Case in point, a friend who is getting married soon originally said she wanted to go to Vegas or South Beach for her bachelorette. Considering that 1 bridesmaid just had a child, 1 is a student, 1 just lost her job, and 1 just bought a freakin' house, this was pretty unrealistic, and most of us were pretty much taken aback. However, having a talk about how it was cost prohibitive for most of us, we talked with the bride and compromised by spending a night on the town in NYC (which is more local and thus saved on the cost of airfare, etc).

The other things you will have to pay for most likely are your dress/accessories, hair, wedding gift, shower gift, accomodations.

Being in a wedding is #%@# expensive!
posted by tastybrains at 12:52 PM on May 29, 2007


As for the bridal shower, neither the bride or the mother-in-law should have anything to do with it (unless asked by the official planners for input) if one is following traditional etiquette. I would probably let the mother-in-law planning it slide, but it seems pretty tacky for a bride to plan a gift-giving party for herself.

I would say the general rule of thumb is that financial contribution should be directly proportional to say in party planning (though some may opt to forfeit their say). Thus if the MIL is planning and choosing everything then she should pay for everything. If the bridesmaids contribute financially they should have a say in the planning proportional to their financial contributions. So let's say one bridesmaid is having a rough time financially at the moment and can only contribute $25...she should get to maybe pick out the party favors or whatever the equivalent of $25 would be and if the MIL is contributing $500 she gets to say what food is served, etc. Of course this should all be worked out in the most gracious, non-petty manner possible. Bottom line: nobody should be put into a hard spot financially.

Bachelorette parties seem to have a little more etiquette leeway. There aren't any gifts involved so I don't think there'd be anything wrong with the bride choosing the night's activities (though it would be supremely kind for her to check if they're affordable to her attendants first). In this case, everyone would pay for herself (the guests will probably end up treating the bride, though she shouldn't expect it). Or alternatively the bridesmaids could plan something affordable for all and then foot the bill for the bride's costs.

Of course none of this matters if the parties involved are already planning away. The best you can do is to be honest about what you can afford. If they are decent people they will understand and not want to make things hard for you. The function of a bridesmaid is to be a loving and supportive friend not an ATM machine.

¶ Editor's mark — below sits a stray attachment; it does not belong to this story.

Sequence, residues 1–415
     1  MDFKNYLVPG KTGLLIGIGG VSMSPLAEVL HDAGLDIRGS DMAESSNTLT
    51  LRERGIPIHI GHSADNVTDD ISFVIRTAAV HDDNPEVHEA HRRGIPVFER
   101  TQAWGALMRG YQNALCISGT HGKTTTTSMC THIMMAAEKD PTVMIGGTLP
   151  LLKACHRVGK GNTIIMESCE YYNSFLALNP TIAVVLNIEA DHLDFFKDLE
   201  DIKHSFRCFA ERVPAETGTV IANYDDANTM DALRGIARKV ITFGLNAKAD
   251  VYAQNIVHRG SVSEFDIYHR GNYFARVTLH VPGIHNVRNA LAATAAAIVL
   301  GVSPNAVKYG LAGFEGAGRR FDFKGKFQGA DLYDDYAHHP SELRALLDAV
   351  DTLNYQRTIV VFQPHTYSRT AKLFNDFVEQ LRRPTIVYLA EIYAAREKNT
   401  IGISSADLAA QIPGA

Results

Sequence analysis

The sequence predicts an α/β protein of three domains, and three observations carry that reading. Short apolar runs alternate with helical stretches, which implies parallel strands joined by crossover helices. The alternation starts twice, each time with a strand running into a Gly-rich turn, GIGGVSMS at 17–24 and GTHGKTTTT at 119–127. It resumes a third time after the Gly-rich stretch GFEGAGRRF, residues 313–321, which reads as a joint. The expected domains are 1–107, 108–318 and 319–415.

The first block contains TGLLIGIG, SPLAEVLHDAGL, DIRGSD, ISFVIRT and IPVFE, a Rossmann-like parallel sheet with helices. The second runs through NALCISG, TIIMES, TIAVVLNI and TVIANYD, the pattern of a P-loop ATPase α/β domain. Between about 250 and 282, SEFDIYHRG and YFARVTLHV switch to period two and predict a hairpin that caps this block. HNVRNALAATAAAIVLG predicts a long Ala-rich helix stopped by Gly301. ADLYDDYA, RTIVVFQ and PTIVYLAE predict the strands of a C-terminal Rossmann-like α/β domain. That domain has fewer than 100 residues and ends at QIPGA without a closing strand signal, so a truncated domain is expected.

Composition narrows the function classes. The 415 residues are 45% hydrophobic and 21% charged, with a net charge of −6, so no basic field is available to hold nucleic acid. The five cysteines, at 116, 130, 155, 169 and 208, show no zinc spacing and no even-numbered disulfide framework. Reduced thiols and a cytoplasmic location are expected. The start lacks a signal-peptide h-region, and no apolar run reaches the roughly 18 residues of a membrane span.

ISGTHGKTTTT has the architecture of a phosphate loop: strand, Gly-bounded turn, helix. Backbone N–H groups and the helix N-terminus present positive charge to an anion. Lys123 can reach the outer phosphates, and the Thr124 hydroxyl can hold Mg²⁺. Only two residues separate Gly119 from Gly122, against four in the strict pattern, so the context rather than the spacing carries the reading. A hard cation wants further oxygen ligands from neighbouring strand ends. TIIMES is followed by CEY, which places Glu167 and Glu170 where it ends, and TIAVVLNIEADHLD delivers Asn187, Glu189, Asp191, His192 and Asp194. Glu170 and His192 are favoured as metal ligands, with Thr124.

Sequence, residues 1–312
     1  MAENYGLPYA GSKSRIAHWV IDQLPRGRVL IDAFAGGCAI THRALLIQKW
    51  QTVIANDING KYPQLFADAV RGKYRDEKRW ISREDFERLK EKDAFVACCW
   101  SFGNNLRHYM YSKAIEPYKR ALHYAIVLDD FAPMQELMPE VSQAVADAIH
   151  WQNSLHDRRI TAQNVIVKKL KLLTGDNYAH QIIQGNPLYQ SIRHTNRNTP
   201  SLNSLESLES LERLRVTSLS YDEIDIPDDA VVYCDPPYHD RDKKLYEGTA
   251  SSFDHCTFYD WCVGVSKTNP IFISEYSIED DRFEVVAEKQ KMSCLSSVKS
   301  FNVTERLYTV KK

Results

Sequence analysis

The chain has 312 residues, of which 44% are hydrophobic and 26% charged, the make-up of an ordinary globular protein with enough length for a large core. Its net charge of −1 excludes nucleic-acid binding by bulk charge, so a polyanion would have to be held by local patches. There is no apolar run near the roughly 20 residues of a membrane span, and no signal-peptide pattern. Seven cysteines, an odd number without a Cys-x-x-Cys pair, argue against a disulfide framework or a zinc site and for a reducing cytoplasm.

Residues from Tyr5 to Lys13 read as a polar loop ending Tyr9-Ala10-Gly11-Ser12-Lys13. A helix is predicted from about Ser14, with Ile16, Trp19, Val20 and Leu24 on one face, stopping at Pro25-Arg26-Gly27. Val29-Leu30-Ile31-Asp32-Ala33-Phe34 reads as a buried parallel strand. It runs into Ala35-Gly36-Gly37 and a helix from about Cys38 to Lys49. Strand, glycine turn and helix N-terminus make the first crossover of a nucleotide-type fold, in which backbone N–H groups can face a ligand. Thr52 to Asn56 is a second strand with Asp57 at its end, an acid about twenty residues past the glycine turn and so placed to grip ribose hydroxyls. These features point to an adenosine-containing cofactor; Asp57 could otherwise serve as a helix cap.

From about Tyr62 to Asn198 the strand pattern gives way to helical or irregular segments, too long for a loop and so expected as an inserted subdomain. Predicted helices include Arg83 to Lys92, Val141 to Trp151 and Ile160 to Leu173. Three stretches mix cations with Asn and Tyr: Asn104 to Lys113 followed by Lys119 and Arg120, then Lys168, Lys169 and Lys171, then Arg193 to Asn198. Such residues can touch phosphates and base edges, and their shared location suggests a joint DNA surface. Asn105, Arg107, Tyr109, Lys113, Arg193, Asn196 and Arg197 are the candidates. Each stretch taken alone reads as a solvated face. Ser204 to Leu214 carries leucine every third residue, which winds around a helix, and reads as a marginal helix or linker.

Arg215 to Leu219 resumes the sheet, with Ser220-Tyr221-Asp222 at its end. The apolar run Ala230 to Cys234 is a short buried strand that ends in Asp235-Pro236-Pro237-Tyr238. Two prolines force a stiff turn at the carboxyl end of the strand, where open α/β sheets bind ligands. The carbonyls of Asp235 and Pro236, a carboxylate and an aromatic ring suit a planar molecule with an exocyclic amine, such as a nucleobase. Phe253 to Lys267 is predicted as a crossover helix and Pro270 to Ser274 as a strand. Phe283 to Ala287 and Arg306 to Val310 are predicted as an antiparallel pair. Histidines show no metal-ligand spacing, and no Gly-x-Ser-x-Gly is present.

posted by Jess the Mess at 12:55 PM on May 29, 2007


The bride shouldn't have any involvement in the shower besides showing up; it would be pretty tacky of her otherwise. The MIL really isn't supposed to be involved but that's getting relaxed these days. The maid of honor along with bridal party usually throws it for the bride, and they throw what they can afford. If the MIL is up to her elbows in the planning then she needs to be consulting with you all over what you can afford and what you plan to/are able to contribute; and if she wants a big splashy party that you all can't afford, then she needs to pay for it. Should she insist on the big splashy party, you can (gently) tell her that you all will throw your own thing and leave her to it (it's perfectly okay for the bride to be given more than one shower, after all). It's not fair of her to treat you all like cash on hand to do it her way, so don't let her.

As for the bachelorette, of course you'd want to give the bride something she'd like, but it's not her place to dictate to you all what you're going to do for her - you are throwing the party for her. You can ask her for some ideas on what she'd like to do, and (again gently) let her know if anything she has her heart set on is out of your wallet range; obviously you try to reach a compromise so she'll have fun, but if she's going to sulk because you all can't pull out the credit cards for a weekend in Vegas or something equally spendy, then she's being beyond impolite, and extremely selfish.

It is not gauche of you to discuss these things with the bride and MIL; since, really, you all should be left to your own devices for these parties and they shouldn't be in the mix a bit. It is gauche of them if they have expectations of planning parties for you that you all should be giving of your own desire/free will and then expecting you to pony up for their choices: it's greedy, and it's rude.
posted by Melinika at 1:47 PM on May 29, 2007


Either you pay and host it (ie plan it, or at the very least set the budget), OR they host it and pay. They don't get to dictate an amount of money for you to spend. No. A tactful but firm discussion is in order, along the lines of "We're so glad that you have so many ideas, and we'll see how many of them we can accommodate on the budget that we have worked out." Or possibly, depending on your relationship, "We can't afford to pay for the kind of event that you want. We need to have a talk about this and decide whether we're going to host or someone else is going to host."
posted by LobsterMitten at 10:57 PM on May 29, 2007